The Herald Bulletin

Morning Update

Food

November 19, 2012

Turkey tucker-out

Thanksgiving dinner make you sleepy? Blame L-Tryptophan

ANDERSON, Ind. — The turkey’s gone, the table’s been cleared and Dad, Uncle Ted, Aunt Edna and Grandpa are all nodding off watching games on TV.

So what’s to blame for this post-Thanksgiving aftermath? The turkey?

There might be some actual science behind that.

Turkey contains an essential amino acid called L-Tryptophan, which helps the body produce serotonin, said Jenny Martin, nutrition coordinator for Community Hospital Anderson. That serotonin is a building block for the hormone melotonin, which helps the body regulate its sleep and waking cycles.

Put simply, the L-Tryptophan in turkey helps your body decide when to go beddy-bye.

But turkey isn’t the only L-Tryptophan-laden food, nor does it have the highest levels.

“Spinach, eggs, soy and some types of fish contain much higher amounts, and many foods have at least some L-tryptophan in them,” Martin said.

So why do your eyelids droop after a turkey Thanksgiving dinner, but not usually after eating a Greek salad, omelet or tofu stir-fry?

Because the turkey’s got help.

“Thanksgiving dinner includes many carbohydrates: potatoes, breads, stuffing, pie, and alcohol,” said Dr. Michael Bailey, an assistant professor of biology at Anderson University.

Those carbohydrates raise insulin levels in the blood, he said in an e-mail, which “causes the transport of some amino acids into muscles but not tryptophan.”

Because there’s more L-Tryptophan in the blood but the muscles aren’t absorbing it, it goes to the brain.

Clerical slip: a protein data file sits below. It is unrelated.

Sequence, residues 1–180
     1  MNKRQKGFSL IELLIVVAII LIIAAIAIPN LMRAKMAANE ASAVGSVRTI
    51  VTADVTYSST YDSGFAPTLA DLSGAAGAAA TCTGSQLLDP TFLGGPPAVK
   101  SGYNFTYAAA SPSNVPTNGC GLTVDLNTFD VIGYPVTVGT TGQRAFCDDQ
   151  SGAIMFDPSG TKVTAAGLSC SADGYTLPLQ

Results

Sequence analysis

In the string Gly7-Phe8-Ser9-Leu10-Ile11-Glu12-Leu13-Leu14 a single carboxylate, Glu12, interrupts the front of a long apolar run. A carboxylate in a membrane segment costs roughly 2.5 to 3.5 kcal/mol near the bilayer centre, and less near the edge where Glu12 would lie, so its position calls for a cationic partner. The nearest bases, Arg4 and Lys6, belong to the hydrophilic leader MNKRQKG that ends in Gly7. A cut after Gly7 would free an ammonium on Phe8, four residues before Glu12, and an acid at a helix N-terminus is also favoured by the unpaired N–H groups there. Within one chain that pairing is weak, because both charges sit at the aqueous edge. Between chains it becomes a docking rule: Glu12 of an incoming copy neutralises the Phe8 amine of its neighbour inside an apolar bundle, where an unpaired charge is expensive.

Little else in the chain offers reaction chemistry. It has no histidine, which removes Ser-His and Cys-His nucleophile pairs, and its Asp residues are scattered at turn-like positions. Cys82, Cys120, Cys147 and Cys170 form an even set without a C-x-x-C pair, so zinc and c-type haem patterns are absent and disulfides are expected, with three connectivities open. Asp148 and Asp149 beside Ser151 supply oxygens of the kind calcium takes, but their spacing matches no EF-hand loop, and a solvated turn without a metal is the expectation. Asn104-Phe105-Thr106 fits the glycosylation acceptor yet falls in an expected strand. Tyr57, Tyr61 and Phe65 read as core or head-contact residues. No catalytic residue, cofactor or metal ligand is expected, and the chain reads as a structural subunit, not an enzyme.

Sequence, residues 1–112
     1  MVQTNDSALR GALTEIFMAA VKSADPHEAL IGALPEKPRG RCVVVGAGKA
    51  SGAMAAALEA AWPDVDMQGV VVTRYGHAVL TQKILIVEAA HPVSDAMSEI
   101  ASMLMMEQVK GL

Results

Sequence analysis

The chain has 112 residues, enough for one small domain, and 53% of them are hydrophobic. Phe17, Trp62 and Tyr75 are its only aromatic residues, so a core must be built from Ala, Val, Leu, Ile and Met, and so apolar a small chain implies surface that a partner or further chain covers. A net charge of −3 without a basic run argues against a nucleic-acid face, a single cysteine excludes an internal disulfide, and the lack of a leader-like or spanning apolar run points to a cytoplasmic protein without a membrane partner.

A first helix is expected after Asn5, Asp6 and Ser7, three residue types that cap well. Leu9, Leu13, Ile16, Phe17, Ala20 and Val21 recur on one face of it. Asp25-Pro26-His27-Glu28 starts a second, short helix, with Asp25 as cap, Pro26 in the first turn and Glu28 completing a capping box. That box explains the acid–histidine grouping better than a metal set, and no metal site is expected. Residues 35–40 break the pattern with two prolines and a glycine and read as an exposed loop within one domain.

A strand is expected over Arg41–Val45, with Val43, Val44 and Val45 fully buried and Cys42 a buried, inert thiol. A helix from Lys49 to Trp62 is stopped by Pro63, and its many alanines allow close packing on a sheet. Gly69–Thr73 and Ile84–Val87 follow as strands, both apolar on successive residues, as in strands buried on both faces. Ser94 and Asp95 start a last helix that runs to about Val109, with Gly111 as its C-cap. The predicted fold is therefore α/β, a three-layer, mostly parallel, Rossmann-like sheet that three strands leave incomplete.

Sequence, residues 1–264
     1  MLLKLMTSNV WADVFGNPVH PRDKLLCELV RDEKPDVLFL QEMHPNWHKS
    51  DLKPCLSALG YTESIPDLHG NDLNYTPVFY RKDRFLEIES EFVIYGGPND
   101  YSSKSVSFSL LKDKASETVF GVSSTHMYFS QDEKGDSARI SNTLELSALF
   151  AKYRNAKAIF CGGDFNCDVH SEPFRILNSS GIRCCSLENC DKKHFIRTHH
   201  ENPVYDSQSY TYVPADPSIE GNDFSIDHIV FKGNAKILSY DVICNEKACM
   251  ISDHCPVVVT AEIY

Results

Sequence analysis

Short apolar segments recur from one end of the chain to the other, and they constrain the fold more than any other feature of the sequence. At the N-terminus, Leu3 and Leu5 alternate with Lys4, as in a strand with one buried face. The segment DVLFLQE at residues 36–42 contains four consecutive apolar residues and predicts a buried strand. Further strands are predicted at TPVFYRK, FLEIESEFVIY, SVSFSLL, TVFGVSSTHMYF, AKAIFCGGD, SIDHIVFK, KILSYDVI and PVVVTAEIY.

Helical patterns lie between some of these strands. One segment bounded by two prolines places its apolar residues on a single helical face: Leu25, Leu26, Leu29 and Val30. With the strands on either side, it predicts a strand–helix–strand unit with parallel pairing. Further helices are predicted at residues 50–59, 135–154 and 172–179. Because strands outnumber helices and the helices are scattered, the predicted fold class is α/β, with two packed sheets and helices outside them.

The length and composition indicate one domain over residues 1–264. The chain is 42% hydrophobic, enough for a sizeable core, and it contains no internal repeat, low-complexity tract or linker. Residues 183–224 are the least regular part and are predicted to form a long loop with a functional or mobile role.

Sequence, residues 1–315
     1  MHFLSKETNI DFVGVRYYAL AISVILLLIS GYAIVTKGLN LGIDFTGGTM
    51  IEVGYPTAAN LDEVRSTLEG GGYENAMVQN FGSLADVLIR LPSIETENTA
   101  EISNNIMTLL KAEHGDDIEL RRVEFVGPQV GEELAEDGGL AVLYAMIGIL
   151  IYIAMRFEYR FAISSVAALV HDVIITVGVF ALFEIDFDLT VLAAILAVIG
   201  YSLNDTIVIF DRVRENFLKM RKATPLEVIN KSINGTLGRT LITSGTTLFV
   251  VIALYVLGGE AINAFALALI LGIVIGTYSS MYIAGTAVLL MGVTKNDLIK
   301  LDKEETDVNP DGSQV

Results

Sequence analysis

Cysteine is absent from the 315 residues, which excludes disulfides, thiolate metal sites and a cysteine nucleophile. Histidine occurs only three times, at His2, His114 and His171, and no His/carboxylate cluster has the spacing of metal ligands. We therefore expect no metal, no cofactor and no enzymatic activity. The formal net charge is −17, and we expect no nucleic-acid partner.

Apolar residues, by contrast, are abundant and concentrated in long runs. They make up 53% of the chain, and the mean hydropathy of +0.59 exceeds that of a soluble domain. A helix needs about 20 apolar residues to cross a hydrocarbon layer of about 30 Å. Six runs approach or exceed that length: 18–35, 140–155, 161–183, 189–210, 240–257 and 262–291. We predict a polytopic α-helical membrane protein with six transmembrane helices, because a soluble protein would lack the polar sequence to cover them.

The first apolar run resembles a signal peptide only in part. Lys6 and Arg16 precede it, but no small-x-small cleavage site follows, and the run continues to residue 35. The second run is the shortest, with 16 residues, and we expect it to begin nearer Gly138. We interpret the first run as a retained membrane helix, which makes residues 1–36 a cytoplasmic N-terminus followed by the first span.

But there are a lot of other factors that contribute to post-Thanksgiving dinner sleepiness, Bailey said.

For example, there’s the fact that Americans tend to overeat at Thanksgiving. And that might be an understatement.

The average adult consumes roughly 3,000 calories and 229 grams of fat in one Thanksgiving sitting, according to the American Council on Exercise in 2004. To work that off, the average 160-pound person would have to walk about 30 miles.

“The mere process of digestion can be exhausting for the body,” Martin said. “So when we overeat, our body must work much harder to digest all of the extra calories consumed.  Don’t blame the turkey — blame the four plates of food and whole pie you just consumed.”

Then, of course, there’s alcohol. And maybe even the sense of calm that comes after the craziness of dinner-prep, Bailey said.

So how does one avoid dozing off during the holidays?

Simple: don’t overeat. Practice moderation and eat a balanced diet rich in whole grains, fruits and veggies.

It also helps to “get exercise before, during and after the holiday season,” Martin said. “And resist the urge to take that after-meal nap we so want to take.”

But, if you do indulge a bit more than you should, Bailey said it might not be such a bad thing. That is, unless you’re “not helping your spouse clean up in the kitchen because you are sleeping on the couch with a football game playing on TV!”

“It may actually help if you plan to stand in line at midnight” for Black Friday doorbusters, he said. “At least you got some sleep before shopping!”

Find Baylee Pulliam on Facebook and @BayleeNPulliam on Twitter, or call 648-4250.

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